Ivory Towers

Police use tear gas to disperse partygoers at Michigan State

Police officers launched tear gas into a crowd at a party called Cedar Fest at Michigan State University this past Sunday in the early morning hours.

Cedar Fest became a tradition in the 1970s, but was eventually banned in 1987 as it evolved over the years to more riot than party. This year, it was revived through Facebook, and attracted over 3000 people to the Cedar Village area in East Lansing.

The police controlled the crowd most of the night by targeting and arresting disorderly individuals. However, at 1:30 a.m. it was declared an unlawful assembly and police ordered the crowd to disperse.

Numerous loudspeaker commands were given to disperse, but when many attendees ignored the warnings, police launched smoke grenades and flash bangs into the crowd at 2:07 a.m. Although some members of the party began to leave, the police launched tear gas. By about 3:11 a.m., the crowd had completely dispersed.

East Lansing police chief Tom Wibert called it a last resort. “It got to the point where I don’t see how we could have dispersed that crowd without tear gas,” he said. After police launched flash bangs and smoke bombs, many students began chanting for tear gas.

During the night, police arrested 52 people and issued 48 tickets. Of those people, half were students at the university. Police estimated that about 5 percent of the student population participated in the event.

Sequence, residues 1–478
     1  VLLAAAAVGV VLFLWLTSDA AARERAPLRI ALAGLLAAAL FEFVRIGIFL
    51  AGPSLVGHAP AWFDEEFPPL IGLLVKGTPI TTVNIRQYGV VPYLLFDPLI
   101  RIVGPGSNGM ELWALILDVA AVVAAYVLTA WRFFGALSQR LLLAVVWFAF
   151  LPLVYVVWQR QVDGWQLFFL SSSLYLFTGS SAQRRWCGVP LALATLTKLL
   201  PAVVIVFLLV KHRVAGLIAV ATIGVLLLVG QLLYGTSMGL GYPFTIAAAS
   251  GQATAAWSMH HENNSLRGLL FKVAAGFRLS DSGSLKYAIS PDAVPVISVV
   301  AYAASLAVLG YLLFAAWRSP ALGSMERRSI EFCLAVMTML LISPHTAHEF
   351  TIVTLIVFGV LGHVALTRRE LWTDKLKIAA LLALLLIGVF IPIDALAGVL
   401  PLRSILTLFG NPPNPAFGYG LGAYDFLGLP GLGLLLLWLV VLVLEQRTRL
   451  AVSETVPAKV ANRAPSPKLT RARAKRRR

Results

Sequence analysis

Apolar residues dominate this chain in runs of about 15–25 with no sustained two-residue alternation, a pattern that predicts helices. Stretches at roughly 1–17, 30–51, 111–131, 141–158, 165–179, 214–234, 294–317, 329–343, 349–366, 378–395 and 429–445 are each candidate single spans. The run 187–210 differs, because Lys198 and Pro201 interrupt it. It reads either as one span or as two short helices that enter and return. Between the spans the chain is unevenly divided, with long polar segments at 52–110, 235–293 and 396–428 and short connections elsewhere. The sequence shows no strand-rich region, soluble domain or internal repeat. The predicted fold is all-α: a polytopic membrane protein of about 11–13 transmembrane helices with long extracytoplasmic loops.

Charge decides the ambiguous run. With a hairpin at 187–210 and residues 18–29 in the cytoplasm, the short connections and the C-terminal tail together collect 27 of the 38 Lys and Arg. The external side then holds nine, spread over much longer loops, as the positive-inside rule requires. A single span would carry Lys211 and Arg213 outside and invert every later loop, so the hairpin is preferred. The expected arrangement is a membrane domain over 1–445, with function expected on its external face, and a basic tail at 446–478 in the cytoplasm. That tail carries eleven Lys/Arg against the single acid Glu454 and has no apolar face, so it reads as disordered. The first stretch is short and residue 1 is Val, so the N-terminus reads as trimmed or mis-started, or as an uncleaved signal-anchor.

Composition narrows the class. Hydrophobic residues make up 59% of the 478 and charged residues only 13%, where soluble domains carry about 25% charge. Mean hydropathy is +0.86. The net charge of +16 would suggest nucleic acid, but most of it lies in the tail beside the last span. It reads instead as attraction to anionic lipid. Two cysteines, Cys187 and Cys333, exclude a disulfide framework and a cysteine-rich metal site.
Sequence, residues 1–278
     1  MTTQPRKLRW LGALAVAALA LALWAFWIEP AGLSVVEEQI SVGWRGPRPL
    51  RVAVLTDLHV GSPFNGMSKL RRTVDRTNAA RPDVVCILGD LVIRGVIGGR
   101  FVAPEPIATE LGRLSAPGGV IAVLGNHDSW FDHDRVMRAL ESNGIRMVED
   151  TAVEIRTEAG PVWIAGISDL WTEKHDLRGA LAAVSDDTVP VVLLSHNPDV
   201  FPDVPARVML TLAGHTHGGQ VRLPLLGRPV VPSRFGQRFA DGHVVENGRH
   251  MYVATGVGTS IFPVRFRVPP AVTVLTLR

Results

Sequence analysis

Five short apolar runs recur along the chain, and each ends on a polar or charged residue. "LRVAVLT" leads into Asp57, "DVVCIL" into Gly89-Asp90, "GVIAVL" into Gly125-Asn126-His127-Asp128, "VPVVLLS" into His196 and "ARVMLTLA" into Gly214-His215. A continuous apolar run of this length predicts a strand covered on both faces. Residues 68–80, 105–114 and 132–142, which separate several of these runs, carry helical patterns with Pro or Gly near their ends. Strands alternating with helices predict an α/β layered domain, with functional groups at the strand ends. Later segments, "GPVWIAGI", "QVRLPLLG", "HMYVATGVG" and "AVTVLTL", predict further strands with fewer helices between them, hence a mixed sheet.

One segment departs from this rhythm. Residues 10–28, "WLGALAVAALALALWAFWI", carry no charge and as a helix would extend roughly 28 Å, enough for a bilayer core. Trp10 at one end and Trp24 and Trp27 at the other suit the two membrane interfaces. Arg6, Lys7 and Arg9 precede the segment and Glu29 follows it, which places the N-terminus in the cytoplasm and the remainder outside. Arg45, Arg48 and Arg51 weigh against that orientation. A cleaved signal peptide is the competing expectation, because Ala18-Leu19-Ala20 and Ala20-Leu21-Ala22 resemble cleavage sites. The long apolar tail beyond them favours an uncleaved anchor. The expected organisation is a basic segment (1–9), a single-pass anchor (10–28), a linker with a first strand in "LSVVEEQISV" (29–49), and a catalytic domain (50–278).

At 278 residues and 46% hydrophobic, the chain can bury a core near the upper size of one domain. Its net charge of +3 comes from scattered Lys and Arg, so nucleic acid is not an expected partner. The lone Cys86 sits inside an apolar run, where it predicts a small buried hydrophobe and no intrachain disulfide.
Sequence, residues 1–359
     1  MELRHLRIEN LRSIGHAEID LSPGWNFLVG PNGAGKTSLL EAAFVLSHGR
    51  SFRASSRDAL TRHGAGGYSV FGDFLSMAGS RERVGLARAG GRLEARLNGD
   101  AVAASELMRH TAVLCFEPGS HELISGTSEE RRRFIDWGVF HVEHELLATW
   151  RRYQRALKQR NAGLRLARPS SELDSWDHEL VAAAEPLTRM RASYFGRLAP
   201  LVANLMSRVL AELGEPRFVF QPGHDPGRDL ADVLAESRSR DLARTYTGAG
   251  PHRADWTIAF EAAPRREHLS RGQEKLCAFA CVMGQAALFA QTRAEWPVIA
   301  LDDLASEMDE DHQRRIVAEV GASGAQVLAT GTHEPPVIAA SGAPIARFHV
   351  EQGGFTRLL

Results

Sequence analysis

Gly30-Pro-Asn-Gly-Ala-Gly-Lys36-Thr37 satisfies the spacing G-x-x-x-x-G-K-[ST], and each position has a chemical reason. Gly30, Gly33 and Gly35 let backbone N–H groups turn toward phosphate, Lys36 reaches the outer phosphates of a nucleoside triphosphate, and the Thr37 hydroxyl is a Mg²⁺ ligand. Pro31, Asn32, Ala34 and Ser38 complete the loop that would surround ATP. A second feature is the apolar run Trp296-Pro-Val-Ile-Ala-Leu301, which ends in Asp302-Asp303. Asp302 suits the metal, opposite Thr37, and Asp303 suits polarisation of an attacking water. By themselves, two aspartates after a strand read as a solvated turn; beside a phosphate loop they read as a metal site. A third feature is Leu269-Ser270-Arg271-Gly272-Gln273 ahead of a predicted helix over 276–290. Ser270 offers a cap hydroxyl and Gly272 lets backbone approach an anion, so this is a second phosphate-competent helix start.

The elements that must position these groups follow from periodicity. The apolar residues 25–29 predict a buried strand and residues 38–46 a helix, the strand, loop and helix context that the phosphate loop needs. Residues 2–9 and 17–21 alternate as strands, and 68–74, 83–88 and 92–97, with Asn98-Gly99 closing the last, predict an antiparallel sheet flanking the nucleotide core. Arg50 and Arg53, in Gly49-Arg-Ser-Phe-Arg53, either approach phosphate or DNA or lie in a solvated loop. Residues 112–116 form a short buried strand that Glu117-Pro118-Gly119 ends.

In April 2005, police were heavily criticized for launching tear gas into a Cedar Village crowd approximately 15 minutes after it had formed. During that incident, 299 canisters of tear gas were used.

To avoid a similar incident, eight observers from the Lansing branch of the American Civil Liberties Union (ACLU) were at Cedar Fest to monitor police and student actions.

Carol Koenig, president of the Lansing ACLU branch, said that police were restrained. “They ignored a lot of things that came before them and that they could have responded to,” she said. “As it progressed, the persons who were not very rowdy basically got bored and went home, so what the ELPD was left with was more of the intoxicated crowd.”
The police have also identified the creator of the Facebook event and plan to press charges as they continue their investigation.

The State News

German Universities Face New Concept: Tuition

The University of Cologne is one of several institutions in Germany that has started to charge its undergraduates tuition. For the first time in its 620-year history, the University is charging 500 euros (US$750) as the maximum amount that can be charged per term.

Historically, Germany has offered free higher education to all its citizens. However, a drop in government support, overcrowded classrooms and buildings in need of repair have forced universities to find the needed funds elsewhere.

In 2005, German universities won a Federal Constitutional Court ruling that individual states could set their own tuition policies. Some universities have opted to remain tuition-free.

The court battle was only a partial victory, as the use of the funds collected from tuition fees is tightly restricted.